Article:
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McNabb scrambling for answers

PHILADELPHIA -- What a difference a week makes.

For one quarterback, at least.

While Tom Brady atoned for his poor showing against Buffalo yesterday, the Eagles' Donovan McNabb came up with one of the worst efforts of his career after opening with a clunker against Tampa Bay last week.

That puts the Eagles at 0-2 in their new Lincoln Financial Field -- 0-4 if you count exhibition games -- and the offense has produced 10 points.

McNabb, the foundation on which the Eagles have stood the past two seasons -- coming within a fingertip of reaching the Super Bowl both years -- seems to be crumbling to the point where Philadelphia may need a ladder just to reach the playoffs.

Unless you talk to Andy Reid.

"There's nothing wrong with Donovan," said the Eagles coach.

That can't be good news for the Eagles if a line that reads 18 for 46 for 186 yards, with 2 interceptions, 7 sacks, 3 fumbles, and a rating of 33.4 qualifies as "nothing wrong."

Philly fans will beg to differ as complaints about McNabb began last week, after he did not throw downfield or run with the ball against Tampa Bay. With the Eagles having a bye, that provides two long weeks for the fury to escalate on the talk shows after back-to-back losses.

McNabb missed targets, did not see open receivers, and despite gaining 53 yards on six carries, rarely resembled the nimble runner able to turn a near-sack into a long gain.

It is not what teams want from their $115 million quarterback.

Reid was pressed several times about McNabb, and offered the same refrain: "It's not about Donovan." As usual, he avoided answering most questions directly and talked about himself being better prepared.

"It's a team effort," Reid said. "Please don't point the finger at Donovan."

The Pro Bowl quarterback, whose last interception turned into a Tedy Bruschi touchdown, did not take his coach's advice.

"It goes back to being critical of yourself," McNabb said. "There's nothing wrong with the offense, it's just making sure the guy that's running the offense is doing the right thing. Right now [me running it well] is something I just can't agree with.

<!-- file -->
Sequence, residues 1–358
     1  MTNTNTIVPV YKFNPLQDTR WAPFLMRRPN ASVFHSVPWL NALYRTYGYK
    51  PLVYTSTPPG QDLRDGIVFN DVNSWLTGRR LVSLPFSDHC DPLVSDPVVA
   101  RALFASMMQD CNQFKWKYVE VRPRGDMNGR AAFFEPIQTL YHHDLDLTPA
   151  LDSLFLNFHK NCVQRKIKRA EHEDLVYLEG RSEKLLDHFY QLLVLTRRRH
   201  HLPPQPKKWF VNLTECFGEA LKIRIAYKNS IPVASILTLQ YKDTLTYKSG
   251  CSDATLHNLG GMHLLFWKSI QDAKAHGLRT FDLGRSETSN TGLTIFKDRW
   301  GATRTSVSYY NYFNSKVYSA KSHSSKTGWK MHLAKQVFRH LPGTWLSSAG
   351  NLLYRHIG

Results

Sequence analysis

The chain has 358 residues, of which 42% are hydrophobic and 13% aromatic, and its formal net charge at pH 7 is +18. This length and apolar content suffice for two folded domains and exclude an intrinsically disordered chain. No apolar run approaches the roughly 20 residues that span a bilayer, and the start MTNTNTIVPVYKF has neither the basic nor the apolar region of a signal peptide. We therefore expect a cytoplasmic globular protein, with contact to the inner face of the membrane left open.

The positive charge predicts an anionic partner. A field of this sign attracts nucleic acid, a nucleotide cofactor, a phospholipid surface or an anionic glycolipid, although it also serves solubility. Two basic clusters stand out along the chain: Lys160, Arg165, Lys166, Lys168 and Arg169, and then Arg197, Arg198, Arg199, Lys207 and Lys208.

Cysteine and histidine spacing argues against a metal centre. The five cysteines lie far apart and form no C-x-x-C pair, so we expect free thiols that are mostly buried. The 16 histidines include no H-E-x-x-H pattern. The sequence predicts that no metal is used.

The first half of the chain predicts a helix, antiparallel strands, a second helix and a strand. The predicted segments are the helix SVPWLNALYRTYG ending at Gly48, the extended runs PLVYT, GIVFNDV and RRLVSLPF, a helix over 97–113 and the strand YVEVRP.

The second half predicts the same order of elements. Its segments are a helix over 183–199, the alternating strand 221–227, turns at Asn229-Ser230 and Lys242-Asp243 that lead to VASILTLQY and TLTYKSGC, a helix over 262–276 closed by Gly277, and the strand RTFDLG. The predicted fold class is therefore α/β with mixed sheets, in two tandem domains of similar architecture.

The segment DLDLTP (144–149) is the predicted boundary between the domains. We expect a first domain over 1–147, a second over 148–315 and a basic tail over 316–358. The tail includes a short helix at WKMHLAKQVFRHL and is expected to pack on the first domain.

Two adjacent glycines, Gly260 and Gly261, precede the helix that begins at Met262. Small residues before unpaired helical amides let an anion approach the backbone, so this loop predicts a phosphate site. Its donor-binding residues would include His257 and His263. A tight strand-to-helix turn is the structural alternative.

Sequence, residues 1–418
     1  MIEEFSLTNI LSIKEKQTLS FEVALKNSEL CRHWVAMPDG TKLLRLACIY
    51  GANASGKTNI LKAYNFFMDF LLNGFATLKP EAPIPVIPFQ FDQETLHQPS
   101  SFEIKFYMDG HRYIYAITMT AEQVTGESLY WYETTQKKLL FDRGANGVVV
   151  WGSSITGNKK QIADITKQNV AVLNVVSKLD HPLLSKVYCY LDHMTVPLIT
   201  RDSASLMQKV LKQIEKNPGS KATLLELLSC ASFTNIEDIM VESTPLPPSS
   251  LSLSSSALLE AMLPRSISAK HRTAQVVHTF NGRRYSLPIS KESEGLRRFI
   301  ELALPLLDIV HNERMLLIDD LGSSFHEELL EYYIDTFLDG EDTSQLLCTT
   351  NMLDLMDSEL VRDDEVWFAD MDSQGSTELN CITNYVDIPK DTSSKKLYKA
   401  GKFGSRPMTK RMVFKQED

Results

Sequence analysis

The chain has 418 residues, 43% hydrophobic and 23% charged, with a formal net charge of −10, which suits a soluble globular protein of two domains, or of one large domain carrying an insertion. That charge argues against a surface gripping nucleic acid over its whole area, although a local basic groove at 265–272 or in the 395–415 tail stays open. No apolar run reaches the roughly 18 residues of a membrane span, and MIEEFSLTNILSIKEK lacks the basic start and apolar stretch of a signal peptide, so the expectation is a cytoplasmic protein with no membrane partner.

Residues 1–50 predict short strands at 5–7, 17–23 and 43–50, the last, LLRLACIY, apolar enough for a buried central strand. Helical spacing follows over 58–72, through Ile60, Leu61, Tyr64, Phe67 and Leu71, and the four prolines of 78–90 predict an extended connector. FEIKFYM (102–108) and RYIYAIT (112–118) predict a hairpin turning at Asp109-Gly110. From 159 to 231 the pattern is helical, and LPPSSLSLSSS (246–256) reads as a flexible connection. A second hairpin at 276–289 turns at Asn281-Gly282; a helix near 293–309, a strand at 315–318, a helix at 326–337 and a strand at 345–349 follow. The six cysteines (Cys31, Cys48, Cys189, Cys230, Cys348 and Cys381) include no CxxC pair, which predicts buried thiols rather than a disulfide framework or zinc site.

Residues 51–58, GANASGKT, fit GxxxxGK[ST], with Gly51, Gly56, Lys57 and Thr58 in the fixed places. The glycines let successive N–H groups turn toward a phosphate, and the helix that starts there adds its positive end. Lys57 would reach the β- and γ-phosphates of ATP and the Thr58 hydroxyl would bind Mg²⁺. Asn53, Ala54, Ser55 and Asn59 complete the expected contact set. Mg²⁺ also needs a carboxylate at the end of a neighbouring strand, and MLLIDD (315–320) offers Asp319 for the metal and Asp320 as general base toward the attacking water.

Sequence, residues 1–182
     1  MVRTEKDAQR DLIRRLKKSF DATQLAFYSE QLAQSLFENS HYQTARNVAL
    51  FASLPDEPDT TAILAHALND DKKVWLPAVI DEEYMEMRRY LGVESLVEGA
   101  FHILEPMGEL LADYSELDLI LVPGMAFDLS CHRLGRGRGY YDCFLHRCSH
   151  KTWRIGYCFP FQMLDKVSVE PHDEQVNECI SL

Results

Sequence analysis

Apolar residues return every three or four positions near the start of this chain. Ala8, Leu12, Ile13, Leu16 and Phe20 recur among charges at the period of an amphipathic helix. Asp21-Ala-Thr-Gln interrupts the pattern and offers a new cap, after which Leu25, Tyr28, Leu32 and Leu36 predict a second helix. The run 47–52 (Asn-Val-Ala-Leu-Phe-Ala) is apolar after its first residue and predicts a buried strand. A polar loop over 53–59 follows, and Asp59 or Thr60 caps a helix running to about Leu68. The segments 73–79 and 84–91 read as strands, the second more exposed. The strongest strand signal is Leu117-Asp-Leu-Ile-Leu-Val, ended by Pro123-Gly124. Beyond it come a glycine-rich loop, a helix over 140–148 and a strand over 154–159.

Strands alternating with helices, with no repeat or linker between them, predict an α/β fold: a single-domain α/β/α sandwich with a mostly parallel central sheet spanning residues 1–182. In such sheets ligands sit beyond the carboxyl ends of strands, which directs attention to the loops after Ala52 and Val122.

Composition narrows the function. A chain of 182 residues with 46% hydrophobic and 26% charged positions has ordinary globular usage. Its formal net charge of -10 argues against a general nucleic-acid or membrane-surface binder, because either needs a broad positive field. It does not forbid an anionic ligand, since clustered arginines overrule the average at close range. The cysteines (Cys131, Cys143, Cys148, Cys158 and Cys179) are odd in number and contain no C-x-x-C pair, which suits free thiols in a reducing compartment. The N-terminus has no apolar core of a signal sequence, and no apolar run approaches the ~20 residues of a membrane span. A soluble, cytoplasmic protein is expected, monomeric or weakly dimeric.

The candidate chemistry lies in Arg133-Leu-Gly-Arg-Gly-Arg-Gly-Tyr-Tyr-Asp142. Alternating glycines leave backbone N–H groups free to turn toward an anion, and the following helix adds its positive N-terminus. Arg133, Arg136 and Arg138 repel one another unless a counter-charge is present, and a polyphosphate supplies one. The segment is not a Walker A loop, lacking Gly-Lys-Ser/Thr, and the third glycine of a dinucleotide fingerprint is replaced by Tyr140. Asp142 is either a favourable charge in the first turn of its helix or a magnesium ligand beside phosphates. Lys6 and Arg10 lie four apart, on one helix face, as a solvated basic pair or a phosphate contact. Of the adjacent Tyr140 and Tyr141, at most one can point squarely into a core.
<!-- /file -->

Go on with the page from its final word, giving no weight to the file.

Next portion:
"I know that I'm way better than what I've been doing, but again, it all starts with the quarterback. If I'm not playing well, then the troops aren't able to rally around. All the pressure is put on my shoulders. Once we get this thing rolling, then obviously we won't have to worry about anything."

For now, it would pay to be a tad concerned.

Philadelphia has looked listless in its two losses, specifically the offense. The defense might deserve a pass, considering four defensive ends, the starting free safety, and a starting cornerback did not play yesterday.

But the "healthy" offense has generated just 513 yards and 10 points in two home losses, with 2-0 Buffalo awaiting in two weeks. It is a far cry from a unit that set a team record for points last year and reached the NFC Championship Game the last two years. The Eagles rushed for just 99 yards yesterday.

"I don't think we're doubting ourselves," tackle Jon Runyan said. "You start doubting yourself and you panic, you're not going to play well.

"I don't think there's anything wrong with Donovan. We just have to execute on the offense and we have to make plays."

But the man who has made so many big plays for the Eagles seems lost right now.

"Balls are away from the receivers, it's just consistency," McNabb said. "My focus is consistency right now, and it's something I don't have. I just have to refocus myself."

At least somebody realizes that.

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